Operating  procedures for the Common Welder Certification Scheme (CWCS), which has been under development since the Asian Welding Federation (AWF) was established, were finalized at the 11th AWF Task Force Meeting held November 21 at Bangkok International Trade & Exhibition Centre (BITEC) in Bangna, a suburb of Bangkok, Thailand. The CWCS agreement marks the culmination of four years of debate and deliberation between all AWF member countries on the rules and detailed operating procedures for the scheme.

The establishment of a common certification scheme for welders has been a common goal since the conception and founding of the AWF and is an integral part of the federation’s aim of providing knowledge, skills, and qualifications to people of Asia, as well as supporting the economic development of the countries of Asia.

In its work up to now, the task force has engaged in extended discussions about the CWCS, taking into account the various circumstances and views of each member country. The new agreement encompasses Rules A0001 (Rules on the Implementation of AWF Guidelines Concerning the Examination and Certification of Welders in Fusion Welding), which define the requirements of an Authorized Testing Centre (ATC). In addition, all operational procedures, OP01 to OP02, were approved (with the exception of OP02).

Under this new agreement, AWF auditors, working under the newly established CWCS rules and operational procedures, will audit and approve an ACB in each country. Each approved ACB will then, in turn, audit the ATCs in that country. Once an ATC is approved, it can then proceed to conduct skills testing of welders in that country. This set of procedures, which has now been approved, is currently being prepared for implementation.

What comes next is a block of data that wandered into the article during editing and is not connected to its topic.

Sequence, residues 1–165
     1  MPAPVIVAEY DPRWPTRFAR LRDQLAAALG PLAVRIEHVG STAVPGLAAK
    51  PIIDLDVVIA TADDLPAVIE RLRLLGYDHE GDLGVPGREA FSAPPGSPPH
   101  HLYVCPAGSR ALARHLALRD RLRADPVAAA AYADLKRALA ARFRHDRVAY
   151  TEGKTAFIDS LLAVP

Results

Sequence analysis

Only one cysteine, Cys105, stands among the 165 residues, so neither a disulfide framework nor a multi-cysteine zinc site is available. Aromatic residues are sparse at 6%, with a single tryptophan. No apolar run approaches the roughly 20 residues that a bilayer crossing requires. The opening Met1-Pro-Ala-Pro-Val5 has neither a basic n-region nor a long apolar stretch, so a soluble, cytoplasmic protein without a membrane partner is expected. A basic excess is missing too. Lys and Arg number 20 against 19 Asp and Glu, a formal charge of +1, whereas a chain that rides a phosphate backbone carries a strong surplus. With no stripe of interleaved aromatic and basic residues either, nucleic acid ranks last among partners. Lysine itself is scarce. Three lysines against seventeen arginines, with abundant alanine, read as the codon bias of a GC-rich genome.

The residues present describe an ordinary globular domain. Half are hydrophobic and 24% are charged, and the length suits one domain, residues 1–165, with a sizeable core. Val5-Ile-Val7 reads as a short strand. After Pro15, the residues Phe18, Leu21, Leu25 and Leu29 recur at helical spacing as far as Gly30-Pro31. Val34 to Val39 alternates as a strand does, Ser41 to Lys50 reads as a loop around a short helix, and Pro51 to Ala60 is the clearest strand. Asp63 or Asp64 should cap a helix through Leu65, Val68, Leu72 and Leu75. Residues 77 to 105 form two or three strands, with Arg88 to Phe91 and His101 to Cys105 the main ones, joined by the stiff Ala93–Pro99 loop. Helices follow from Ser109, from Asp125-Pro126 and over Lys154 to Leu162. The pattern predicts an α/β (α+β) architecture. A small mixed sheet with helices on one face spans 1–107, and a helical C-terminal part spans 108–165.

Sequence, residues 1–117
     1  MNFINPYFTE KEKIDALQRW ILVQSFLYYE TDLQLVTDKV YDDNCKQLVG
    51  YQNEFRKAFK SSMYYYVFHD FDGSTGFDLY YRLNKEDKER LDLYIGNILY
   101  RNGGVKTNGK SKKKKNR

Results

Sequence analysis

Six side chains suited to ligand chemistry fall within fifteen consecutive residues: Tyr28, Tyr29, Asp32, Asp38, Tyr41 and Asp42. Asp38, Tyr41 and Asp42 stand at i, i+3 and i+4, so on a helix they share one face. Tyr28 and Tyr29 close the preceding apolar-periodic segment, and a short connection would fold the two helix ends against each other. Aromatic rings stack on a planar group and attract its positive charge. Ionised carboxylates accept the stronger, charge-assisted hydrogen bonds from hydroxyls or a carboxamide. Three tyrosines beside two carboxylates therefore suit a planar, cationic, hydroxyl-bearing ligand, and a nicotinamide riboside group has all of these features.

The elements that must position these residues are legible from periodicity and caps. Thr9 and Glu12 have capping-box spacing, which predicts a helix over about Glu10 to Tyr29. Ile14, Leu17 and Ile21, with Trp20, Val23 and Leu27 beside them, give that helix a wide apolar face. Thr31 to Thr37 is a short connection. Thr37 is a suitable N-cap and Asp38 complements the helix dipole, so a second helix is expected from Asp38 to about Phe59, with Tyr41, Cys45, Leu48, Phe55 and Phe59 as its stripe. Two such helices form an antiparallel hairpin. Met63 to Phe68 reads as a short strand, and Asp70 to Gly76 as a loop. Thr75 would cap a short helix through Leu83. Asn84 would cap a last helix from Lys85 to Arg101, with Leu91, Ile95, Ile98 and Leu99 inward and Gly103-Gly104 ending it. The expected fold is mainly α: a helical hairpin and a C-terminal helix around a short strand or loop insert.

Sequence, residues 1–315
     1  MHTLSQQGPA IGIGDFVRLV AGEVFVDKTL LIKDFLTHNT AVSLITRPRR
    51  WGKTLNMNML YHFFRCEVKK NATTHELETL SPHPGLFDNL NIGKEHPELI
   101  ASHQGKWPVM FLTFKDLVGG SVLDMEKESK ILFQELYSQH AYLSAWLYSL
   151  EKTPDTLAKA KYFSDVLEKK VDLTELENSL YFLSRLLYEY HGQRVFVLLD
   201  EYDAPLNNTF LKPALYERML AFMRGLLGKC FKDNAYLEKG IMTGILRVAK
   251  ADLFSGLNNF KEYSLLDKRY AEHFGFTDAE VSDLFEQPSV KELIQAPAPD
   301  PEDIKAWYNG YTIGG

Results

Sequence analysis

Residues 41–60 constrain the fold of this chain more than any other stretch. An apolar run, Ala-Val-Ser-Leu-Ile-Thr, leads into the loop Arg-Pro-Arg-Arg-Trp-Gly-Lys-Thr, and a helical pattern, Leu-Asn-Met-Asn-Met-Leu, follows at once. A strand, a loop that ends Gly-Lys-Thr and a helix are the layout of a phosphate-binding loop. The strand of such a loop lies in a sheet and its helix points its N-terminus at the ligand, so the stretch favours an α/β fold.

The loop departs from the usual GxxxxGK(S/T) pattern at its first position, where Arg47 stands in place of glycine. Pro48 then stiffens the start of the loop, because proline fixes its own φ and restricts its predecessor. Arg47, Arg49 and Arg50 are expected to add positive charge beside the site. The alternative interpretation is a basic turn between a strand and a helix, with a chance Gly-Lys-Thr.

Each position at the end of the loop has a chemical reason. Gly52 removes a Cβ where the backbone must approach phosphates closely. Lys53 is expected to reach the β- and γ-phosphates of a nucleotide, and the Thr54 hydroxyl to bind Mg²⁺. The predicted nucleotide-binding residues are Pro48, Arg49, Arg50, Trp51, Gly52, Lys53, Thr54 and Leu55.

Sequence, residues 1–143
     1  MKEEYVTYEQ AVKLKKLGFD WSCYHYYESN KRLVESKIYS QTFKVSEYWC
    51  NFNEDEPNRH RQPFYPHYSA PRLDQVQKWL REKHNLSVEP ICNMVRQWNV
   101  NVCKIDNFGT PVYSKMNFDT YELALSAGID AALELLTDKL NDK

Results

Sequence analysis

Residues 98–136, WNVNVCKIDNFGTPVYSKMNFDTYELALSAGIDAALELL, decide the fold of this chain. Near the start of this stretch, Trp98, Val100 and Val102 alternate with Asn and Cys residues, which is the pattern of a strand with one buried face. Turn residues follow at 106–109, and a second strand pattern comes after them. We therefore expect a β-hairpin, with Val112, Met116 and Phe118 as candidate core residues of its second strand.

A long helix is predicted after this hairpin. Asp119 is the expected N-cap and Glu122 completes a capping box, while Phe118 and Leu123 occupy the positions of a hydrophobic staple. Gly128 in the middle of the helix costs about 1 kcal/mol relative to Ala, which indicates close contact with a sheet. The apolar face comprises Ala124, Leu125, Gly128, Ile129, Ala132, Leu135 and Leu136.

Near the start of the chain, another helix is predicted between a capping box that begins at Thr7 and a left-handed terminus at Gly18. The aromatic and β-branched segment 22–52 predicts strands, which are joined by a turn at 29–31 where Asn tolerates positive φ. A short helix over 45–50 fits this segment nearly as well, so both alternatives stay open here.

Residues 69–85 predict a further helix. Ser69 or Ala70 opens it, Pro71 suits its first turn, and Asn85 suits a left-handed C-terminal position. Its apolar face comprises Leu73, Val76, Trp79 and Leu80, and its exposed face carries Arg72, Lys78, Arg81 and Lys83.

The Task Force Meeting itself began with a message by AWF Secretary General Dr. Ang Chee Pheng of the Singapore Welding Society and self-introductions by the attending member representative: 8 from Japan, 2 from China, 21 from Indonesia, 1 from Mongolia, 7 from Malaysia, 2 from Myanmar, 3 from Philippines, 3 from Singapore, and 5 from the host country, Thailand. In all, 52 representatives from nine different countries attended the event.

Once underway, the proceeding undertook the work of approving the formulated CWCS rules and detailed operating procedures, which were followed by presentations on CWCS activity plans in each country. In Japan, for example, the Japan Welding Engineering Society (JWES) has already started working to establish and implement the CWCS within two years. This year it conducted its first test trial at nine JWES examination centers in order to compare and identify any differences between ISO 9606 and Japan’s national JIS welding skill qualifications, as well as to collect data for implementing ISO 9606 testing. A second test trial will be conducted within the current financial year. Through these trials, detailed operating procedures for skills testing will be formulated. It was also reported that, as an AWF member, Japan will report to the JWES Board that it will introduce ISO 9606.